Users that buy one of these notebooks will have the option of connecting to the Telus high-speed network or letting the equipment determine the best means of connectivity (either the slighter lower bandwidth 1XRTT connection or a Telus hotspot through a Wi-Fi connection) based on the user’s location.
Mobile computing has been moving in this direction for the past few years, said Peter McNeill, national brand manager, mobile products, Dell Canada. As mini PCI cards have shrunk in size, there’s more room available for other equipment.
“We knew we would be able to put in a couple more cards inside a notebook. That led us to start to dream up different things that we could put in there, like GPS, wireless wide area networking, Wi-Fi,” he said.
This is a first for Dell in Canada, but the company has explored carrier relationships in other countries. Dell has a relationship with Vodafone in Europe and, since February of this year, Cingular and Verizon in the U.S. Earlier this week, it added one more American to its roster through an announcement with Sprint.
Once relationships with American carriers were secured, McNeill said he started looking for Canadian telcos to bring on board. “Whether it was GSM-based or CDMA-based, at the start of all this it really didn’t matter,” said McNeill. “We wanted a partner that could work well with our design, development and engineering teams in Austin.”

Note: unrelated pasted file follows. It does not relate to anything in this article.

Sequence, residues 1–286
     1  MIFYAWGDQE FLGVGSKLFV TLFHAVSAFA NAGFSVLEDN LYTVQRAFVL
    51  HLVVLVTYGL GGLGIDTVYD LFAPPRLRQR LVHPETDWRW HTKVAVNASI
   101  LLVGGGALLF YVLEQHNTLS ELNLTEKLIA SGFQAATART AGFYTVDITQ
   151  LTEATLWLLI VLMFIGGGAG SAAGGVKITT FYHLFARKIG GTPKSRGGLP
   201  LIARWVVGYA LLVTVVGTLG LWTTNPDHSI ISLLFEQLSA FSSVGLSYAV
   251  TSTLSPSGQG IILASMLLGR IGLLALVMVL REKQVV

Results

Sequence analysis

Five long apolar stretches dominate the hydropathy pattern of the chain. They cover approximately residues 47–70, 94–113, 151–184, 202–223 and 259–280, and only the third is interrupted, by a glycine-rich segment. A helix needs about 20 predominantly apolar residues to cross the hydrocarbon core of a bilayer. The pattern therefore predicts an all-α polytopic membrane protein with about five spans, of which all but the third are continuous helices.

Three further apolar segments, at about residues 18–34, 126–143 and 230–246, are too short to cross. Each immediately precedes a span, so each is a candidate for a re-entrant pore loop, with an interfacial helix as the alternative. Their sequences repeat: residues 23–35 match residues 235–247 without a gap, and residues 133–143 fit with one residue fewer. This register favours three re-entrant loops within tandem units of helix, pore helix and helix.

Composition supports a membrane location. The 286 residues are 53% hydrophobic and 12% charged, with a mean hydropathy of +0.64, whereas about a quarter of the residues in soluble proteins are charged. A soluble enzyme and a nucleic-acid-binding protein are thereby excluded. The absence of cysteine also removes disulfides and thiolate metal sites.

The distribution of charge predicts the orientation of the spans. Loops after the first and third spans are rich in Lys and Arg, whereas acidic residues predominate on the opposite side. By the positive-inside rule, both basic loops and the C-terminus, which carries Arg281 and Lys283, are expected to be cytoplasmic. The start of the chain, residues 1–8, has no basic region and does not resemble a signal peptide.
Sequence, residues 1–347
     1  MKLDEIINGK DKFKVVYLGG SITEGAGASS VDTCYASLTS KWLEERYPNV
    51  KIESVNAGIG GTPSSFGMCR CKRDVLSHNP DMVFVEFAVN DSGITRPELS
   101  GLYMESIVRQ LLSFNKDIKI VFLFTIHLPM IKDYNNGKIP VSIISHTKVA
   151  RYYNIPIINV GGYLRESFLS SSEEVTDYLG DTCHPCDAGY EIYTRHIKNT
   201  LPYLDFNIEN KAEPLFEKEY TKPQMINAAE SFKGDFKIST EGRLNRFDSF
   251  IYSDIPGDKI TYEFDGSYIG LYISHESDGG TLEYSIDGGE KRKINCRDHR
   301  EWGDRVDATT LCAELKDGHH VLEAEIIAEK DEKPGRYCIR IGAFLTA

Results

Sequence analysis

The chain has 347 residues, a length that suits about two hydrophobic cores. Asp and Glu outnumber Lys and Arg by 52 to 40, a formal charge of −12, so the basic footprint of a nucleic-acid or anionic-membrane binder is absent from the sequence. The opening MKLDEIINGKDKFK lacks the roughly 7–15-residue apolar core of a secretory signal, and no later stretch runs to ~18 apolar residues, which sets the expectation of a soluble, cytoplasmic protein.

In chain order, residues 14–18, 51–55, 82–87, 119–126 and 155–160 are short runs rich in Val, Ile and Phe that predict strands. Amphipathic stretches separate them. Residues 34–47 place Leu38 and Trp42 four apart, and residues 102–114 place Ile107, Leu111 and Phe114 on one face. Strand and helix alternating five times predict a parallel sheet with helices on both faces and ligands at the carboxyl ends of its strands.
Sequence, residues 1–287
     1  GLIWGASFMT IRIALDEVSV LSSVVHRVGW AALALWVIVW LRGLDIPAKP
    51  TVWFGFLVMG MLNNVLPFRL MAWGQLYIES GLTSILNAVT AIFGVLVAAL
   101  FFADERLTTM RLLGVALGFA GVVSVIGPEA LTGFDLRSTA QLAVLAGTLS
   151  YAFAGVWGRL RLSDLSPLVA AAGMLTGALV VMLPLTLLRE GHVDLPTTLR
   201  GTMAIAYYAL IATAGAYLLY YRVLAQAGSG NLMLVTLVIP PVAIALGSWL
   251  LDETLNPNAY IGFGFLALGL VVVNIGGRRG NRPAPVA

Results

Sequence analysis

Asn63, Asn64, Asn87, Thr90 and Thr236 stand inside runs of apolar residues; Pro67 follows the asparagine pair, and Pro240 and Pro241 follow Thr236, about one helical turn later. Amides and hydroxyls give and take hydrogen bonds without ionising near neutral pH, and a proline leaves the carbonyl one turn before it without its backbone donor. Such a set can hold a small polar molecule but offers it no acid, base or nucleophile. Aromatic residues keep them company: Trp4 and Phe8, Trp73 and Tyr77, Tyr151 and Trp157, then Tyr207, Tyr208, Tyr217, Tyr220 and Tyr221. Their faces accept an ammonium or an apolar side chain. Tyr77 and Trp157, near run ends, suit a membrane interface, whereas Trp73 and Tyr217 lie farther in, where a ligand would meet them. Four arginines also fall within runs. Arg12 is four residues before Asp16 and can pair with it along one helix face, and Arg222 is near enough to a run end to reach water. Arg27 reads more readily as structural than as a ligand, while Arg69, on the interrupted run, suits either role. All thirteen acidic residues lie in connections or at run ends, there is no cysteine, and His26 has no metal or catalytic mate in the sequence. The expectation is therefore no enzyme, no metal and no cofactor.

Telus, like Bell Canada, uses CDMA as its platform of choice. McNeill said he’d be interested in wooing a GSM carrier next so Dell would have both cellular standards. GSM also has a larger global footprint than CDMA. “If I had to pick, I’d say I’d love to work with Rogers on GSM side of things,” he said, adding that more carriers will be added to Dell’s line-up in the next year.
Telus also has relationships with other laptop OEMs like Panasonic, said Chris Langdon, vice-president of network services, for the B.C.-based company and has a pre-existing relationship with Panasonic. Like McNeill, he sees an increasing number of ties developing between laptop manufacturers and mobile carriers, particularly as the hardware has evolved to allow for a greater variety of connectivity options.
“This is the logical next step,” he said.
“Most of the OEMs on the laptop side have launched in the United States and some have launched in Europe. They’ll start launching in Canada over the next 12 to 24 months.”
People will switch laptops as they do cell phones, he said, moving their mobility billing plans over and they upgrade their hardware. Pre-existing Telus customers will be able to use their current plans with the Dell notebooks.